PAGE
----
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A School, A Village, A Family and a Decision

January 14, 2012

Sail on Silver Girl,
Sail on by
Your time has come to shine
All your dreams are on their way
See how they shine
If you need a friend
I’m sailing right behind

Simon & Garfunkel

We had intended to move before Troy started kindergarten. Then he was diagnosed with Aspergers and we started him at the local Catholic school. We talked seriously about moving that following spring after our youngest was born. That was when she was just getting her hearing aids and was starting to present with multiple delays. We very nearly made an offer on a beautiful ranch last spring mainly because the doctors had assured us that Mary had ataxia telangiectasia and would require a wheelchair and would not survive through her teen years. I had always dreamed of a farmhouse with the wraparound porch, but the one-level living design of a ranch appeared necessary. We decided to put off the decision one more year.

So much can happen in a year.

One of our biggest sticking points on moving has always been the school. How do you pick a school for the mix of abilities in our family? How do you find a place where you know that they will not only succeed, but they will thrive? Where the staff and students there cherish your child as a complete person. Where they are treated just like every other kid there, but with the care, structure and patience that a child on the spectrum requires. We don’t take for granted that we have already stumbled upon that place, in the form of an incredible and unassuming small neighborhood Catholic school.

This school has become more than just school for our family. This school has become our family. With all our biological family living at least 600 miles away, the friends we have made at this school have quickly moved into our hearts and have easily filled that void. They are friends who have shared our journey and allowed us to share in theirs. Never has that been more apparent to me than over the last year: A friendly listening ear there when I needed it; a simple anonymous, but oh so meaningful gesture; a gentle nod of understanding- real understanding of an impossible situation; tears of joy and applause from teachers and friends for seemingly small things that would simply go unnoticed to the average passerby; hugs of comfort and of celebration; the knowledge that whatever happens, there is a village, a real community there to back you up every step of the way.

It is so easy to become isolated on this path- to feel like you walk alone… So many times I still feel that way. Last night we were at a fundraising dinner for a dear friend and her family. Her son is being treated for neuroblastoma. You can read a little about that here. She was visibly overwhelmed by the sheer number of people there supporting her family. Her husband mentioned that they had felt for so long that they walked this path alone. Looking around that room last night, a standing-room-only crowd of friends, family, and friends of friends who had waited in line to get through the door on a frigid January night, it was readily apparent to anyone that nothing could have been further from the truth. That is the magic of this “school” that my children go to. You never walk alone, even when it feels so much like you are. This “school” is family.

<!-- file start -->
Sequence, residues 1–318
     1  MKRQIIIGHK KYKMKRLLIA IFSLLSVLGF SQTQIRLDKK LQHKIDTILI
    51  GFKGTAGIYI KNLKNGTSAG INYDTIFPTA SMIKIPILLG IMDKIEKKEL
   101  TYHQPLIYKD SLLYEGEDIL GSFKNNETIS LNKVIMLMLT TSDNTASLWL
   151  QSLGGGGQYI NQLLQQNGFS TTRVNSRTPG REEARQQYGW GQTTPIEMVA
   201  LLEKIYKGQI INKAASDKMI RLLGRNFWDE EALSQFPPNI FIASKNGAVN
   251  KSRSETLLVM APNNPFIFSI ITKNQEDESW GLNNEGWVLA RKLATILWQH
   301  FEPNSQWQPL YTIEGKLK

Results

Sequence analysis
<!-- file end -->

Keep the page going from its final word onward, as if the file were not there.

This brings me to a brief bragging moment: My children made it through two hours in the overcrowded, noisy school cafeteria, crowds of  people bumping into them, complete with a live band with no major meltdowns – Something that would have been completely impossible for for us two years ago. It has been the unwavering kindness and understanding shown to my children from the community at this school that has allowed my children to learn how to manage such extreme sensory overload and to even have some fun, as they did last night.

So, how could we possibly leave? But we need a bigger house. We have outgrown the one we bought when we only had one toddler. Our three little sensory seekers require some space to roam- a country setting with fields to run in and trees to climb. It might reduce or even eliminate so many of their issues. It is what is best for our children. But we couldn’t afford both. Private school isn’t cheap, and they don’t just give out farmhouses for free.

Enter the sign. My husband was just promoted. He will be getting a raise, a modest one for now, but enough to cover tuition.  Wherever we move, I’ll still be driving our youngest into the city for the School for the Deaf. I can just make a detour and drop the older two off at their school on the way. It will mean an hour’s commute to school each day with traffic. It will be difficult, but worth it.

It is settled. The kids are happy. I am at peace. We will buy the farmhouse. We will keep our village.

Now to find a real estate agent. 😉


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